Restructuring of the 1990s Hurt or Help?
Seems like we keep spending more on our schools, and maybe getting a little
less. I thought we just went through a lot of changes to try to turn that
situation around. Doesn't look like it's made a dent in our problems. The
achievement gap between the races and income levels seems to be widening, not
narrowing, for example. Is this a case of the cure being worse than the
You're probably right. Consider these factors in the
widespread school "reform" and "restructuring" of the last several years:
Elementary and Secondary Education Act, or HR 6, the federal education reform
bill, cost $9.6 billion in 1991. But President Bush's 2008 No Child Left Behind
budget request was for $61 billion. And that doesn't count what's spent at the
state level, and locally.
We're spending more and getting less: Nationwide, in the decade of the
1980s, school spending increased by 147 percent while enrollment went up only
by 4 percent. Meanwhile, literacy is declining at a faster pace than any time
in American history.
The federal government is getting more and more entrenched in educational
decision-making and control, and that's contrary to the American system of
highly-accountable, locally-run public schools. According to an article on
Wikipedia about NCLBm federal funding for education has increased 59.8% from
2000 to 2003 alone.
Standards-based education steals time away from academics and divert it to
nonacademic things that kids don't need anywhere near as much. The National
Education Commission found that most American students spend 41 percent of
their school day on core academic subjects. How do they spend the rest? On
self-esteem building, multicultural education, diversity awareness, conflict
resolution, drug education, sex education, manners education, and so on.
Curriculum is driven by tests, and tests are being dumbed down but made much
more expensive with deceptive, subjective new types of assessment. The standards-driven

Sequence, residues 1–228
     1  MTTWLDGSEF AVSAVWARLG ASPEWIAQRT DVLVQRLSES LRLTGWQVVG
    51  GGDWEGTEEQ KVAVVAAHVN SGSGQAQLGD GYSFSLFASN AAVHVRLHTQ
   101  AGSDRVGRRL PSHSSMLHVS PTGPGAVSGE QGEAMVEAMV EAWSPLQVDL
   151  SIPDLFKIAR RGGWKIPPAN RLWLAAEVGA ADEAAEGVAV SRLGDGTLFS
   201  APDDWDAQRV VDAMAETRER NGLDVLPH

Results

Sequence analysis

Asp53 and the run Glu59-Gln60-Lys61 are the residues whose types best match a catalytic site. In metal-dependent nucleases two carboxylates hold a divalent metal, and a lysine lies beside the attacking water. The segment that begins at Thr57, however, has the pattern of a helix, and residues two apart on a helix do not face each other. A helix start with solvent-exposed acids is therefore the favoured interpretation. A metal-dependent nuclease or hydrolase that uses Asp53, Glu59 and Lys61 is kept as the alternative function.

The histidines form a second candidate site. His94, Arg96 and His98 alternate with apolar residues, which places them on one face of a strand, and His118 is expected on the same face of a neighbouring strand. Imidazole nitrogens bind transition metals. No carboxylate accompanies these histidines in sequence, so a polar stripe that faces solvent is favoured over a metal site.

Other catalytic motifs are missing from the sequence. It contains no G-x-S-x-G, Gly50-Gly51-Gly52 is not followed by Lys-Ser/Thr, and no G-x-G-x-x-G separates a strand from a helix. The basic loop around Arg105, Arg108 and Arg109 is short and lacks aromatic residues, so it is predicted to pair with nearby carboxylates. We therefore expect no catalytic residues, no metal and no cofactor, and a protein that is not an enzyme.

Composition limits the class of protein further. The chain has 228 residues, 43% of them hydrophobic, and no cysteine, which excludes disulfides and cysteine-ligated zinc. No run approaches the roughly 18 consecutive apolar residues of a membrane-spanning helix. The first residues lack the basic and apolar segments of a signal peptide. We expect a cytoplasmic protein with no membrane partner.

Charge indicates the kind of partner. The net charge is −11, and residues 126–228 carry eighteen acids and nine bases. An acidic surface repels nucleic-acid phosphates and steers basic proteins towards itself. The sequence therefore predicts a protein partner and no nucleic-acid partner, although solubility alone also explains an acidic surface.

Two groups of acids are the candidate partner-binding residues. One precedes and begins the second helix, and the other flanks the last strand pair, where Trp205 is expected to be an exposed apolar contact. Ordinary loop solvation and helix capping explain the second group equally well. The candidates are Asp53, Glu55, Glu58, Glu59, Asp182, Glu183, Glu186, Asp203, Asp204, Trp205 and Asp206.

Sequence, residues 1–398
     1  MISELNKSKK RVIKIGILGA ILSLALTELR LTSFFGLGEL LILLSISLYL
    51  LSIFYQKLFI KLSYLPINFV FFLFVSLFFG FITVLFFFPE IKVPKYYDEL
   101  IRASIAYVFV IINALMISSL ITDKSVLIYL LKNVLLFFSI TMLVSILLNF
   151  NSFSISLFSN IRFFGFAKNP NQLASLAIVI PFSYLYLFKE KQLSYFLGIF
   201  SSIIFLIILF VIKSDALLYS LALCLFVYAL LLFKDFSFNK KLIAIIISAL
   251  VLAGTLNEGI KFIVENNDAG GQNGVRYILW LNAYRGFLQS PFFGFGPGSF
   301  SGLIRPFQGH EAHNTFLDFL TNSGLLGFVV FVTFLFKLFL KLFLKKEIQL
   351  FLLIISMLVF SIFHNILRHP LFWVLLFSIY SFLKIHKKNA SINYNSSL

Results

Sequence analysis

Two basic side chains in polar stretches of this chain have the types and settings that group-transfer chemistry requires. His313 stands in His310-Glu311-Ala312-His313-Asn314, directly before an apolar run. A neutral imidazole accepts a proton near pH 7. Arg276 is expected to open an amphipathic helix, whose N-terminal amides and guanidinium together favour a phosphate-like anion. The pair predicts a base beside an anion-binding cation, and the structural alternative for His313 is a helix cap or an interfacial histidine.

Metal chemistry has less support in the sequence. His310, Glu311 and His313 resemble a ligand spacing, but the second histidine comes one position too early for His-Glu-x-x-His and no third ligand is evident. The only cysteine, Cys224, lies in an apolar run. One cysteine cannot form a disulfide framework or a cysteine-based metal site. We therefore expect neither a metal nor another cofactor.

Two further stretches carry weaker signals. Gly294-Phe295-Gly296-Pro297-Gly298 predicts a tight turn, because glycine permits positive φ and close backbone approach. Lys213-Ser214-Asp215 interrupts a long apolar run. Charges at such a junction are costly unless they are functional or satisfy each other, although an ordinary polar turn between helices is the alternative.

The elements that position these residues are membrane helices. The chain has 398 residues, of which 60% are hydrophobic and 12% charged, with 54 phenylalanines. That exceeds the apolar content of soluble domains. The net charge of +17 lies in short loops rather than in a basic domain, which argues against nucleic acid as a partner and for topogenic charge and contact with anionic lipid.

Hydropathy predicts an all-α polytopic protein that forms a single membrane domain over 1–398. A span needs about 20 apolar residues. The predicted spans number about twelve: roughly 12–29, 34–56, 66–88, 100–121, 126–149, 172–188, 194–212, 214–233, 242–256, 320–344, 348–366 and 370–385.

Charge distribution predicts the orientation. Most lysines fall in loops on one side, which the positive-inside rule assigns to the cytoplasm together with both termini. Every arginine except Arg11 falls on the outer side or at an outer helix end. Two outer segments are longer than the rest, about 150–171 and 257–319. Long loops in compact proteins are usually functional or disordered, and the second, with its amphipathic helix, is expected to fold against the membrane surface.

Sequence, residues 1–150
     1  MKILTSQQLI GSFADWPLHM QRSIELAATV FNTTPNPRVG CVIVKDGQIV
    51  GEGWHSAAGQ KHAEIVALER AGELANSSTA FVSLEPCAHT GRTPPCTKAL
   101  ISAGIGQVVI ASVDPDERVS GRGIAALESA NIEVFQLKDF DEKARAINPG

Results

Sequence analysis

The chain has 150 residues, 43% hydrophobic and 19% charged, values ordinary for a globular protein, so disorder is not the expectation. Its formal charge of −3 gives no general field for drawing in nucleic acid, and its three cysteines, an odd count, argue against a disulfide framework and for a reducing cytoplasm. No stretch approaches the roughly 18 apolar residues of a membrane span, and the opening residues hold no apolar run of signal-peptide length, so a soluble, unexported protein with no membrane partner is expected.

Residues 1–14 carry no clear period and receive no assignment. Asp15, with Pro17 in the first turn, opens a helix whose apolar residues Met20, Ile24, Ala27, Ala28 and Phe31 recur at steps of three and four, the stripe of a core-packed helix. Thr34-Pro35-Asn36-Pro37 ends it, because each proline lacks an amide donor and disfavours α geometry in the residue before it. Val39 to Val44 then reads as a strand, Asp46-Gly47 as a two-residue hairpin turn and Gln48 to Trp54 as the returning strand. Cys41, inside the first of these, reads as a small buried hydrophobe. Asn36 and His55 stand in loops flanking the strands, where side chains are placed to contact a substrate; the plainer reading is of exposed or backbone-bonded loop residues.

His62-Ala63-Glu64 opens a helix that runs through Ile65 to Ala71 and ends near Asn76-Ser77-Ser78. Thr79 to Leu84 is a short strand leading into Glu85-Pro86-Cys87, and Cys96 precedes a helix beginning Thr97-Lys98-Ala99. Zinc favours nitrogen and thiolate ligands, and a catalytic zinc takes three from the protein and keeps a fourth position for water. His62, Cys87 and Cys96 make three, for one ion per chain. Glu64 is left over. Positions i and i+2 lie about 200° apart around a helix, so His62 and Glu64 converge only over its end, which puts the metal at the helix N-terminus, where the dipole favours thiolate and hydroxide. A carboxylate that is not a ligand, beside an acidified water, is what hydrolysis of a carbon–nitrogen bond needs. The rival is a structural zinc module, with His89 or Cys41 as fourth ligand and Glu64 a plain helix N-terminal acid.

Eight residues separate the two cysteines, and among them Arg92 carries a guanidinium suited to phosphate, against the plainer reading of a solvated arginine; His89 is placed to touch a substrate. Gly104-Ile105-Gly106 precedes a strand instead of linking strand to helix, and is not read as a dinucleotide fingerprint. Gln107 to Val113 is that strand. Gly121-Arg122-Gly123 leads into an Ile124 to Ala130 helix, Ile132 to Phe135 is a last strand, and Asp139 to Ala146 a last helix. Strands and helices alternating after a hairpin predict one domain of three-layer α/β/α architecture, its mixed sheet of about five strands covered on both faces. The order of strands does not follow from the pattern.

tests mostly have to be hand-scored in a very time-consuming process, a key
reason you may see your school district's testing budget going up by 50%.
Goodbye, reliable and objective testing forms such as multiple-choice, T/F,
fill-in-the-blank, and others. Hello, highly expensive and highly subjective
(therefore easy to manipulate) forms of "assessment" such as
performance-based (make a peanut butter and jelly sandwich for a science final
exam), portfolio assessment (give a kid six or seven meaningful assignments per
year and the rest of the time you can coast), criterion-based assessment (the
dumber the questions, the better the students do), authentic assessment (if
Johnny takes one month to do a project and Susie takes one day, they both get
the same grade because they both got it done), and rubrics (rating a project on
a scale of, say, 1 to 8, and one scorer's 8 might be another scorer's 3, but
parents won't know because all they get is the score; they never see their
child's work, much less the other children's).
Strongest students are hurt the most: studies show high-ability learners
already know 35% to 50% of the curriculum on Day One of school. But standards-based
education attempts to treat kids identically, so few, if any, adjustments are